C.-C. Su, A.C. Bovik and L.K. Cormack, “Color and depth priors in natural images,” IEEE Transactions on Image Processing, vol. 22, no. 6, pp. 2259-2274, June 2013.
M.-J. Chen, L.K. Cormack and A.C. Bovik, “No-reference quality assessment of natural stereopairs,” IEEE Transactions on Image Processing, vol. 22, no. 9, pp. 3379-3391, September 2013.
A.K. Moorthy, C.-C. Su, A. Mittal and A.C. Bovik, “Subjective evaluation of stereoscopic image quality,” Signal Processing: Image Communication, vol. 28, no. 9, pp. 870-883, September 2013.
M.-J. Chen, A.C. Bovik and L.K. Cormack, “Study of distortion conspicuity on stereoscopically viewed 3D images,” Journal of the Society for Information Display, vol. 21 no. 11, pp. 491-503, November 2013.
K. Lee, A.K. Moorthy, S. Lee and A.C. Bovik, “3D visual activity assessment based on natural scene statistics,” IEEE Transactions on Image Processing, vol. 23, no. 1, pp. 450- 465, January 2014.
T. Kim, J. Kang, S. Lee and A.C. Bovik, “Interactive continuous quality evaluation of subjective 3D video quality of experience,” IEEE Transactions on Multimedia, vol. 16. no. 2, pp. 387-402, February 2014.
H. Kim, S. Lee and A.C. Bovik, “Saliency measurement on stereoscopic videos,” IEEE Transactions on Image Processing, vol. 23, no. 4, pp. 1476-1490, April 2014.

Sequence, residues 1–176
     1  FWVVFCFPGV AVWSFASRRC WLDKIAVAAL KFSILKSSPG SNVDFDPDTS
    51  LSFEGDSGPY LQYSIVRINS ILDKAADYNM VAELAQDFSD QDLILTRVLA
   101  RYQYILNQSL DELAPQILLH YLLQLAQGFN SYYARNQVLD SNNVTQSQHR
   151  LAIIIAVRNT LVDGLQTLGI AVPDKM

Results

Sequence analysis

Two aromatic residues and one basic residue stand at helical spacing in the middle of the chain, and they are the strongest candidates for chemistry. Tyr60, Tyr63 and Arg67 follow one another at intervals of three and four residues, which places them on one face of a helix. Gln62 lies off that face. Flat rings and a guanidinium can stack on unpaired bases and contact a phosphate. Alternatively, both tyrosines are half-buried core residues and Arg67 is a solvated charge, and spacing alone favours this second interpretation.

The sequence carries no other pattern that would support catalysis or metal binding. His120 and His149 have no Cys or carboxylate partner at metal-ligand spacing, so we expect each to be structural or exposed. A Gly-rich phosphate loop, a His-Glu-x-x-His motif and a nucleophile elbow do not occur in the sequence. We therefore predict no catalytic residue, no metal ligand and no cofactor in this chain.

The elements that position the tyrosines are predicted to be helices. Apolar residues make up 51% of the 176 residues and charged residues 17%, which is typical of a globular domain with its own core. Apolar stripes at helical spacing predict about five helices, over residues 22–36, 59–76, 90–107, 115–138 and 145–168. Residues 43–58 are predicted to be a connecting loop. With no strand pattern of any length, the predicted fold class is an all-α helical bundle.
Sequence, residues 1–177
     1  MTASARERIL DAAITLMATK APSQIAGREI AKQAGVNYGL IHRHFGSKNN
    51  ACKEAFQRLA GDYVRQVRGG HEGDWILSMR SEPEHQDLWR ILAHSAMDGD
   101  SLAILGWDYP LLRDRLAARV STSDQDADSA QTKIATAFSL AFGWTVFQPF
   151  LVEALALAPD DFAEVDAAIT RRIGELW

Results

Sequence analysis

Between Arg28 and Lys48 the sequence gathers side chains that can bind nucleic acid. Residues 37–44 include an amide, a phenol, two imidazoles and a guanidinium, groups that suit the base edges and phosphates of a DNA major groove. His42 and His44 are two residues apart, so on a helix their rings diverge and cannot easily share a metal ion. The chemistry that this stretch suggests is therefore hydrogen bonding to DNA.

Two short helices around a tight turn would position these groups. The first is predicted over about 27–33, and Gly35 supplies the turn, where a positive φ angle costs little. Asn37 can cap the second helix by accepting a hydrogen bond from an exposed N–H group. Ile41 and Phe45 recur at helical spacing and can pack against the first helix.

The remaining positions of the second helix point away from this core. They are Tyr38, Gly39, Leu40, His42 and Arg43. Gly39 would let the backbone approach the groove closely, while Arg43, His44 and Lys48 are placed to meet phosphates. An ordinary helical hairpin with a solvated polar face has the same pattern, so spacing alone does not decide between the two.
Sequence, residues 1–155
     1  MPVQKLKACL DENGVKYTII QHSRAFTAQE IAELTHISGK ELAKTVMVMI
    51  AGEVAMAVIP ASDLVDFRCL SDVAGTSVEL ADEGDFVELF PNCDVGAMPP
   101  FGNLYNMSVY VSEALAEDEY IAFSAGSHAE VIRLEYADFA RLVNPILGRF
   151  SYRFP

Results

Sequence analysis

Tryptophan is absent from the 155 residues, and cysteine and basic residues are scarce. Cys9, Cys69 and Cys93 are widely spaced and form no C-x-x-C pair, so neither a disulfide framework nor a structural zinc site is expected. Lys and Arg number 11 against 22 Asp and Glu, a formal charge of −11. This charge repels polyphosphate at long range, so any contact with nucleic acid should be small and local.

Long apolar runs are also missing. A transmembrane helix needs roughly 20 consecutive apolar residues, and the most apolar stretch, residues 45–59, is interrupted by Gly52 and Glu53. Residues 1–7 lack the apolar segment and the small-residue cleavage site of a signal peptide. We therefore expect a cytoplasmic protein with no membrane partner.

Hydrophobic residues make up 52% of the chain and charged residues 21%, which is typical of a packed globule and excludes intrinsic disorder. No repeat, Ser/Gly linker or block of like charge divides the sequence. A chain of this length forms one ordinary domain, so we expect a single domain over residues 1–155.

J. Park, S. Lee and A.C. Bovik, “3D visual discomfort prediction: Vergence, foveation, and the physiological optics of accomodation,” IEEE Journal on Selected Topics in Signal Processing, vol. 8, no. 3, pp. 415-427, June 2014.
J. Park, H. Oh, S. Lee and A.C. Bovik, “3D visual discomfort predictor: Analysis of disparity and neural activity statistics,” IEEE Transactions on Image Processing, vol. 24, no. 3, pp. 1101-1114, March 2015.
T. Kim, S. Lee and A.C. Bovik, “Transfer function model of physiological mechanisms underlying temporal visual comfort experienced when viewing stereoscopic 3D images,” IEEE Transactions on Image Processing, vol 24, no. 11, pp. 4335-4347, November 2015.
H. Oh, S. Lee and A.C. Bovik, “3D visual discomfort prediction: A dynamic accommodation and vergence interaction model,” IEEE Transactions on Image Processing, vol. 25, no. 2, pp. 615-629, February 2016.
K.J. Chen, J. Zhou, J. Sun and A.C. Bovik, “3D visual discomfort prediction using low complexity disparity algorithms,” EURASIP Journal on Image and Video Processing, DOI: 10.1186/s13640-016- 0127-4, vol. 2016, no. 1, pp. 1-10, August 2016.
K.J. Chen and A.C. Bovik, “Visual discomfort prediction on stereoscopic 3D images without explicit disparities,” Signal Processing: Image Communication, vol. 51, pp. 50-60, February 2017.
T. Kim, S. Lee and A.C. Bovik, “Enhancement of visual comfort and sense of presence on stereoscopic 3D images,” IEEE Transactions on Image Processing, vol. 26, no. 8, pp. 3789- 3801, August 2017.